I have been thinking that maybe mounting a rail permanently on the roof with 5200, and then attaching the panel mounting hardware to the permanent rail with bolts. I still have a concern with the top layer of gelcoat becoming the failure point using any type of adhesive mounting instead of mechanical mounting. Thoughts?
I expect I will pass ont he tilt option. It adds some complexity to the project that i would like to avoid, and it would be a bit of a pain to tilt without a ladder / step-stool, or a pain to carry the ladder /stool. Plus, I will have a portable panel as a supplement / backup.
Also I have plenty of composite wood decking material so if I need to use nutplates I might use that instead of maple... its pretty much weatherproof and needs no painting, sealing or other treatment to last a very long time.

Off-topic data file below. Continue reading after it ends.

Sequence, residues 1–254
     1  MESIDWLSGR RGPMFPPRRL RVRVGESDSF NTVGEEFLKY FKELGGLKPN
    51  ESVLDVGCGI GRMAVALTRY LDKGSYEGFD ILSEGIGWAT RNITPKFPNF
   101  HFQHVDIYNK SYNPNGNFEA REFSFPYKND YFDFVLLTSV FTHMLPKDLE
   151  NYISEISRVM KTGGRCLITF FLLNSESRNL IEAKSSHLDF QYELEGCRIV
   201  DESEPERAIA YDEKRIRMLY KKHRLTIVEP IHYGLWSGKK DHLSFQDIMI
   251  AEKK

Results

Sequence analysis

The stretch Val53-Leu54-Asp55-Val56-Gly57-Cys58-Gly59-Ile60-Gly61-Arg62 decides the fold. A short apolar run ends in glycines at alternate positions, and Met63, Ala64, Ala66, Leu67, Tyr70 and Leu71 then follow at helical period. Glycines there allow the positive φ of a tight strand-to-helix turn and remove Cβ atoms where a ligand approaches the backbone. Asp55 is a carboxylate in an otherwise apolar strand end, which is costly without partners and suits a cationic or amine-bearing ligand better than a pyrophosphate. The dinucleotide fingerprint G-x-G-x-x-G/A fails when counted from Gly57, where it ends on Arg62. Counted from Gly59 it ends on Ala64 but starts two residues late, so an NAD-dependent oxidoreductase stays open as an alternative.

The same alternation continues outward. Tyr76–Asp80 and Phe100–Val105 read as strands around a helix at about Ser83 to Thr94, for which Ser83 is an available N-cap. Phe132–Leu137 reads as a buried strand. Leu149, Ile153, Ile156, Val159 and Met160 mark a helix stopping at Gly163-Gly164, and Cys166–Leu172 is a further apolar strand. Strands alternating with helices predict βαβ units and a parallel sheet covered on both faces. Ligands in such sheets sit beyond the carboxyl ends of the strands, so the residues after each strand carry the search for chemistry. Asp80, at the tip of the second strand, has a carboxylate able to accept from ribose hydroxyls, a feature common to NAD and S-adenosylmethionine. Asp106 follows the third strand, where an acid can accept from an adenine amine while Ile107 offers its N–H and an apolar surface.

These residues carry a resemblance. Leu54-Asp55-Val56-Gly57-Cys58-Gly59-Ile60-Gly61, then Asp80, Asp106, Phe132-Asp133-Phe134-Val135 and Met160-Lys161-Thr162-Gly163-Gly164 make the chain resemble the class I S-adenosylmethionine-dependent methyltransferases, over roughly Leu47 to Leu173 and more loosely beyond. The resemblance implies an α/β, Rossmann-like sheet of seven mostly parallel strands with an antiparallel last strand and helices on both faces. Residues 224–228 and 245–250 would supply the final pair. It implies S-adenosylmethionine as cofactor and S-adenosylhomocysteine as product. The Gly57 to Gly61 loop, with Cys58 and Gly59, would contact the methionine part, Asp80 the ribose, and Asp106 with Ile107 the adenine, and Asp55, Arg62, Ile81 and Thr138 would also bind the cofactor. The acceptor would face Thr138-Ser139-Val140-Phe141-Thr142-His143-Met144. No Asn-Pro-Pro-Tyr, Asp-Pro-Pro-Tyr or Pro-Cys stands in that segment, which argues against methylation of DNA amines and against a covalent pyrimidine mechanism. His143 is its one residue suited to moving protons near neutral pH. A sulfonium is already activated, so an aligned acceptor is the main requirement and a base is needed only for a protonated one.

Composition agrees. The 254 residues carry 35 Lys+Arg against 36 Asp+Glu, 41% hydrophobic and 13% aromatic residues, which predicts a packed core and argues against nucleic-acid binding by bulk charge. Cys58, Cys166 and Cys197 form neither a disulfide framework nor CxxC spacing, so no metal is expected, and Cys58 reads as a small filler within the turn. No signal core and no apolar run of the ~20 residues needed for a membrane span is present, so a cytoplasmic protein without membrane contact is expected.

One item to clear up on your post Gordon, is that Escape didn't use vhb tape on their installation, they used epoxy which must be mixed and applied properly. Failure rate on the Escape install has been very minimal, they just decided to be proactive on making sure it wasn't a continuing problem.
AM solar uses a VHB tape in their install and state they've never had a failure.
All that said I'd feel better just personally with a bolt thru or rivet with backing in addition to the vhb tape.
Ladder isn't really an issue for tilt racks, some can be tilted by just stepping on the bumper, or backing up a truck and standing in the bed. A lot of folks carry the fold up ladders GP Logistics SLDS6 Ladder that go in a fence post tube and mount under the trailer like a sewer tube. Ability to tilt a roof mount panel would be a huge capability especially in shoulder seasons/winter.
2015 19 Escape